Church leaders and others in the community concerned about preventing gun violence came together Thursday in Raleigh to talk about, among other things, how to encourage state and federal lawmakers to address the issue following this month’s election.
“Some of the sociologists are telling us we’re about to hit compassion fatigue on this matter, that it’s one more news story. And, people don’t even pay attention anymore,” said Jennifer Copeland, executive director of the North Carolina Council of Churches.
Thursday’s meeting also came weeks after a mass shooting at the Tree of Life synagogue in Pittsburgh.
Mark Daughtridge, who attends church at Trinity United Methodist Church in Durham, said following the shootings at churches in Charleston, South Carolina, and in Sutherland Springs, Texas, security became a more significant focus for leaders of his church.
He said it can be a difficult issue as churches seek to strike a balance between being open and welcoming while guarding against potential threats.
“And, we have had to lock our doors during services at times. For some events, we’ve had to have an off-duty officer come and be present,” Daughtridge said. “To live in this constant fear that a shooter could show up at any point is not healthy for us as a society.”
Copeland’s group has advocated for reforms to state and federal firearm regulations.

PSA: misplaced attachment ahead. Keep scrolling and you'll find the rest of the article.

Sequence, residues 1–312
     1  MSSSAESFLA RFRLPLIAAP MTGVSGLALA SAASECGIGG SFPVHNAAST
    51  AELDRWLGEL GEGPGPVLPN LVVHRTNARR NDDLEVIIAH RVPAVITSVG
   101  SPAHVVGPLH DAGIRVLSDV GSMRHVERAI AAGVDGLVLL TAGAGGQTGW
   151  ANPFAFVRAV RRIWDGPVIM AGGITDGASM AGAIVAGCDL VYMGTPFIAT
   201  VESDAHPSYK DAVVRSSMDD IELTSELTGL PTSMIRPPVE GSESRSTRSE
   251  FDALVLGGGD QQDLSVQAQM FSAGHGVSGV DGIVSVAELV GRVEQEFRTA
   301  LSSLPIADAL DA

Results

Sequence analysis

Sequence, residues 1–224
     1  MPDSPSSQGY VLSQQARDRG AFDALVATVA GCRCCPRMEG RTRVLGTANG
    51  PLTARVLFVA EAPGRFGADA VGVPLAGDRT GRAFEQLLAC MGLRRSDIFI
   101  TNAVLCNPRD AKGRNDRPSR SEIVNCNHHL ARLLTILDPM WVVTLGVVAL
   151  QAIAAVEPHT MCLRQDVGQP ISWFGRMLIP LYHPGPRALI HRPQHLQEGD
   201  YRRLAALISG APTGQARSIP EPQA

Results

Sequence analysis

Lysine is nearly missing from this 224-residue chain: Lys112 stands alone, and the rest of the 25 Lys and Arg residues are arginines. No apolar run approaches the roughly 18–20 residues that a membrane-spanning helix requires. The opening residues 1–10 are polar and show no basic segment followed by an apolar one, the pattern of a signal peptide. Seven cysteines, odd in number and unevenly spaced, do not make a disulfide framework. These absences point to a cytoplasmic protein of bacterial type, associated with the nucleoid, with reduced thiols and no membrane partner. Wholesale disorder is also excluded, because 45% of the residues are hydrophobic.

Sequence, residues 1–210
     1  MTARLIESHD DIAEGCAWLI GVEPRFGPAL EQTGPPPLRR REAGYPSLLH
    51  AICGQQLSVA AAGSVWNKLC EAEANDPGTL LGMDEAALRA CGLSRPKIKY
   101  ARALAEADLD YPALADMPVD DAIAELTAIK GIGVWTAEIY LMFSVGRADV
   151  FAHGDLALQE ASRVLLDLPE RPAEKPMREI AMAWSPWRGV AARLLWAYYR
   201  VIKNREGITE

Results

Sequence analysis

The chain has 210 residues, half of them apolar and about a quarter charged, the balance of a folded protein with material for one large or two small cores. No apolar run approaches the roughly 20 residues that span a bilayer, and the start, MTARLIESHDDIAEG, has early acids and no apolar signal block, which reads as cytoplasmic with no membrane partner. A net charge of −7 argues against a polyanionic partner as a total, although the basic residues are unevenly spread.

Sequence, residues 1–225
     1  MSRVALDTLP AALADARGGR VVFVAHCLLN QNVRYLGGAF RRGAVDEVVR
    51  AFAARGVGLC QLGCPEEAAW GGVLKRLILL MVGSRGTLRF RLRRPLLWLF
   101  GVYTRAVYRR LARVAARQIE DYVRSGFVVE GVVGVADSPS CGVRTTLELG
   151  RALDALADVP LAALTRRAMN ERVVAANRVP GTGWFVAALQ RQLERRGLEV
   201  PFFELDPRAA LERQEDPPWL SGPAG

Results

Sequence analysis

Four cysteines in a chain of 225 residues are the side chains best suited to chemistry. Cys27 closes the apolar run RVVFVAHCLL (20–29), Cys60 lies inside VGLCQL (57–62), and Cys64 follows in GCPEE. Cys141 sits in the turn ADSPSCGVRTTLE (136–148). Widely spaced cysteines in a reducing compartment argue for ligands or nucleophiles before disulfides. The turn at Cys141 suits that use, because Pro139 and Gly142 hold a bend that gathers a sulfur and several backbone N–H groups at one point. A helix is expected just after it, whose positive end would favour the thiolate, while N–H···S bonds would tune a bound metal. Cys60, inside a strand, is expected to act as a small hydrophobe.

“We don’t mean repealing the Second Amendment,” she said.
Last March, the state House of Representatives approved a bill that would allow people to carry a concealed weapon at certain churches, citing concerns among some church leaders about security.
Rep. Rena Turner (R-Iredell) sponsored it. It would have allowed someone to carry a concealed weapon at a site where there’s both church services and a school — but only during hours when school is not in session.
“We live in a different world these days, and these people didn’t want to be prevented from protecting themselves,” Turner said.
The Senate did not take up the bill.
In this month’s election, Republicans retained control of the state legislature but lost their veto-proof supermajority. Copeland says she wants to meet with legislative leaders to talk about where there may be areas to compromise to address gun violence.
“If we can begin to talk about this is what’s important, here’s where we can get traction, these are the people who are empathetic to the issues, then we might begin to move the ball a little further up the field,” she said.